Wisco Pop is tucked into the center of the 100,000-square-foot facility purchased by the Vernon Economic Development Association in 2009. The center welcomed its first tenant in 2010 and today has 16 businesses that are doing their part to grow the entrepreneurial economy of one of the state’s coolest counties.

Vernon County is home to Organic Valley, an independent cooperative of organic farmers based in La Farge that has nearly $1 billion in annual revenue. There are Amish enclaves, blue-ribbon trout streams and in downtown Viroqua, founded in 1846, a collection of shops and restaurants and WDRT-FM, a community-funded radio station.

The downtown also includes the Temple Theater, where a fundraiser Saturday raised money for the city’s new $3.6 million library. The 14,000- square-foot facility opened Feb. 22 and is twice the size of the previous library space.

One of the big stories to come out of Viroqua last week, besides the buzz about Bernie Sanders, was the approval Tuesday by the Viroqua City Council to close 132 feet of Center Avenue behind the Viroqua Food Co-op.

The co-op, that had $7 million in sales in 2015 and averages about $5,000 a day in sales from its deli, wants to expand and has bought property at the corner of Center Street and Broadway.

Most, if not all, of the products made at the Food Enterprise Center, can be bought at the co-op.

“This is an economic development strategy based on community development,” Sue Noble, executive director of the Vernon Economic Development Association said on its website. “We’re turning the food movement into action. We’ve created a facility and a network that welcomes investors, grows food businesses and attracts entrepreneurs to a convenient and innovative place to locate a business.”

At the Driftless Cafe, Wisco Pop once was sold on tap but now is sold for $3 a bottle. When I stopped for lunch, one customer had it poured over ice in a Mason jar and paired with a heaping bowl of homemade macaroni and cheese. The soda has become a staple at the restaurant despite its price.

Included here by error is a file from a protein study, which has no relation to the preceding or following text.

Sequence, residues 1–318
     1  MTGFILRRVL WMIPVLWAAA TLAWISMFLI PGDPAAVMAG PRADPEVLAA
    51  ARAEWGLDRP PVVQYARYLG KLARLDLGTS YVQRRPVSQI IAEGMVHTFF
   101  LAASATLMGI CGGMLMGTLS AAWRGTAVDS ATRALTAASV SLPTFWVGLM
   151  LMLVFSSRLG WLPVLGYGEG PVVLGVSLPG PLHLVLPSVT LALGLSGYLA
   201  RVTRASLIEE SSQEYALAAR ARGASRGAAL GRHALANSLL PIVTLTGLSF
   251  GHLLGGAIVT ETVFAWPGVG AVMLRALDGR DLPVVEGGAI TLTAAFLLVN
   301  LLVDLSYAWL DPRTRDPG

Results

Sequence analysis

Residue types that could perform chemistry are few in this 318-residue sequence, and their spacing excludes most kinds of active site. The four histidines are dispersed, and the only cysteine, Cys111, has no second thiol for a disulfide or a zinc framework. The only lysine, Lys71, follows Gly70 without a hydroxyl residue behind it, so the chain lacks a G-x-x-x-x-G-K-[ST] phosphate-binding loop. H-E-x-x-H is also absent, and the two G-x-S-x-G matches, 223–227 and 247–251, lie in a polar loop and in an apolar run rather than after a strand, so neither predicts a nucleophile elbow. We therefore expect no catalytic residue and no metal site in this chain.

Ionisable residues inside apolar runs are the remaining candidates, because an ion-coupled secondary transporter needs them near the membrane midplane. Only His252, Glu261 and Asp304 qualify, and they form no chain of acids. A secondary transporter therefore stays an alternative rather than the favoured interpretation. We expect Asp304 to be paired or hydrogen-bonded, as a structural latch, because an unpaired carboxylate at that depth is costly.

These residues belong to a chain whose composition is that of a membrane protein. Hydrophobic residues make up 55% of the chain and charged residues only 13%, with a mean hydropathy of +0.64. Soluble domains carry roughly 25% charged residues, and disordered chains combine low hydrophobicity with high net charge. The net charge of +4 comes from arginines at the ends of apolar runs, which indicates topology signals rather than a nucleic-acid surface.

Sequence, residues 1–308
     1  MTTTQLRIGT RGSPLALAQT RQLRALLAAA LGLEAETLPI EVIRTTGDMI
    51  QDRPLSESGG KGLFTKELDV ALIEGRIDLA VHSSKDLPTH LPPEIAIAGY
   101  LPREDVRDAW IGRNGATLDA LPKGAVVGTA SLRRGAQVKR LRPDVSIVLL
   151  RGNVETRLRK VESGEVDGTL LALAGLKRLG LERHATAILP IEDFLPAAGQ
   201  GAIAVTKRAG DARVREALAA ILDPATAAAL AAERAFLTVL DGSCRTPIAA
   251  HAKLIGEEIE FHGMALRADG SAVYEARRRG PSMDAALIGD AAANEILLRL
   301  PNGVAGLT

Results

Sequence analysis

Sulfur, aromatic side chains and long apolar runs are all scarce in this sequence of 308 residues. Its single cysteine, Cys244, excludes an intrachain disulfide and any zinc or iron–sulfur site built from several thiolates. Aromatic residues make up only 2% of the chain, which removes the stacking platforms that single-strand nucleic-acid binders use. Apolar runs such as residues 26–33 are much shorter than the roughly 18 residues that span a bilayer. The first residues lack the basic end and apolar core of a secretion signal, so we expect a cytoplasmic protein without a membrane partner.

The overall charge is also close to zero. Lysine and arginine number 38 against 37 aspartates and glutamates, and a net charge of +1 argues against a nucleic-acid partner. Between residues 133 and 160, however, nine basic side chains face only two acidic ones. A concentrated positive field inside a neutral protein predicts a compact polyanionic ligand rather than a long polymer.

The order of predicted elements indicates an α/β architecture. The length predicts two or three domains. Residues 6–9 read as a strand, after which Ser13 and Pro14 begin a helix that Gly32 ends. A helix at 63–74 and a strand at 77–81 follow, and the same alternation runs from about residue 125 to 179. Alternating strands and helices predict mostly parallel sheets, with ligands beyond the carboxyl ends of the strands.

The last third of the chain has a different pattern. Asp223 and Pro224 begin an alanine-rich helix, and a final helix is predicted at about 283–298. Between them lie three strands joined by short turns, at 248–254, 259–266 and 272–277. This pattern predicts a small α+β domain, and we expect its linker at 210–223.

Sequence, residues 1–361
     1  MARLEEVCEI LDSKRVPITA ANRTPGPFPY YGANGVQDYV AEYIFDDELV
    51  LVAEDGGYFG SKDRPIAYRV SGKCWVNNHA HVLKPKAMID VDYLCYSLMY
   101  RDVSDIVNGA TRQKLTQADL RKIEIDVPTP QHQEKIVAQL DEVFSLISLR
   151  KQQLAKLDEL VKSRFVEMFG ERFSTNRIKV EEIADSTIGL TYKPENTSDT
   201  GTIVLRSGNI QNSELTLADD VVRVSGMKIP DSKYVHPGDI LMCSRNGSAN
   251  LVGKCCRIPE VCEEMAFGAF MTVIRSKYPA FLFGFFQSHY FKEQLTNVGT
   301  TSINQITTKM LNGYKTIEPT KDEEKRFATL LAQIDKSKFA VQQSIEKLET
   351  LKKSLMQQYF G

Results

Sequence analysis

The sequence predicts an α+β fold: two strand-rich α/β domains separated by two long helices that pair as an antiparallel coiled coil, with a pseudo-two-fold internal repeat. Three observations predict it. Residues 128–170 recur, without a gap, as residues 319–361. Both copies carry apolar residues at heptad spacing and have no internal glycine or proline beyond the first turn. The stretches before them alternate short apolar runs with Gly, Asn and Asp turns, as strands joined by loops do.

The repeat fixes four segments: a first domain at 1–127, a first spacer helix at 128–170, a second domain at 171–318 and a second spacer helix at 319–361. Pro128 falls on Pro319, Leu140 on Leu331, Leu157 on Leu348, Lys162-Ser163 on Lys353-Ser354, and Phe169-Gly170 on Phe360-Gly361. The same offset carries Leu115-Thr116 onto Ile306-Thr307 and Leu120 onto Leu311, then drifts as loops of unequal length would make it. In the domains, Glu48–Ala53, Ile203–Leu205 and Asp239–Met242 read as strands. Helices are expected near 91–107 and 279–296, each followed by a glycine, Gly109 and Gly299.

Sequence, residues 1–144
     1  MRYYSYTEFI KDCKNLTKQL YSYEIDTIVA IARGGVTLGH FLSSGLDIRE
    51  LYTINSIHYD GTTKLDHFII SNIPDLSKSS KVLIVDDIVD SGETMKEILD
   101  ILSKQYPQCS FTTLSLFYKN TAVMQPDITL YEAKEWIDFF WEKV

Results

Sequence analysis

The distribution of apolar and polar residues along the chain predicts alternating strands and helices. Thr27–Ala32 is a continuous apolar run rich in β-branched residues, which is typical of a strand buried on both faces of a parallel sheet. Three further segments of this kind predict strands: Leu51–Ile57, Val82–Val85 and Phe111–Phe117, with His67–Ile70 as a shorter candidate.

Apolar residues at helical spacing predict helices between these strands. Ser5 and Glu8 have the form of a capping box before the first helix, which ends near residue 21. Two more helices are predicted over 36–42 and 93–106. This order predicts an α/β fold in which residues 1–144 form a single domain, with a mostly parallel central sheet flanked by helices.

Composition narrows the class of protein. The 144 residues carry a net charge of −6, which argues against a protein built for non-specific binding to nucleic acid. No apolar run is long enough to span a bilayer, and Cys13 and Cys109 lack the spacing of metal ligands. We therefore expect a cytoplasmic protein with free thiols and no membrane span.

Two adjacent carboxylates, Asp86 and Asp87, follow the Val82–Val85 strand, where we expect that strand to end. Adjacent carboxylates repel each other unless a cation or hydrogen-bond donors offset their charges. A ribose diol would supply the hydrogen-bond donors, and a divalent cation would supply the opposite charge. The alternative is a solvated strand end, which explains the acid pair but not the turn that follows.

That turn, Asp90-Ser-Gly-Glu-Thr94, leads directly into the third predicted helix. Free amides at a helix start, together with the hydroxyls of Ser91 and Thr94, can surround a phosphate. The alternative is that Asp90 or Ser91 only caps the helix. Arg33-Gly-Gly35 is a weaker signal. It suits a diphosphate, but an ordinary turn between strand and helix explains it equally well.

“People expect it and don’t mind it,” said Samantha Skifton, a waitress at the popular cafe. “It’s really done well and is supported by the community. They do a good job.”

Ashley, 37, was born in Corpus Christi, Texas, where in high school, he played guitar and began booking bands. His gig continued after high school before he moved to Colorado in 2002 and began working in restaurants. He briefly considered getting into brewing, but instead began experimenting by making soda in his home. After meeting his wife, he moved to Madison and then Viroqua where he was a partner in Kickapoo Coffee Roasters at its founding in 2005. He sold his share in the business, operated by his brother in-law and sister in-law, in 2006.

Ashley started with small-batch ginger beers and fermented fruit bubblies and later added locally produced honey at the suggestion of his wife, Hallie. Ultimately, he couldn’t keep up with the demand from family and friends so he and Hallie launched Wisco Pop in July 2012.

They initially sold their products in kegs at restaurants and at farmers markets, which is where they met Zach Mathes, who had a pizza cart.

Wisco Pop now focuses on only bottles and Mathes is now part of the company, where soda made in 217-gallon batches on a Monday are bottled Wednesday on a $35,000, two-head filling line at 12 bottles per minute and packed into 94 cases. A single batch of cherry or ginger soda uses 200 pounds of honey.

“I think the community really represents what we’re doing as a business (and it) is not separate from how the community is identified,” Ashley said. “We’re a business that’s creating scratch products just like other people are, and I think it’s becoming mainstream. It’s popping up like craft beer.”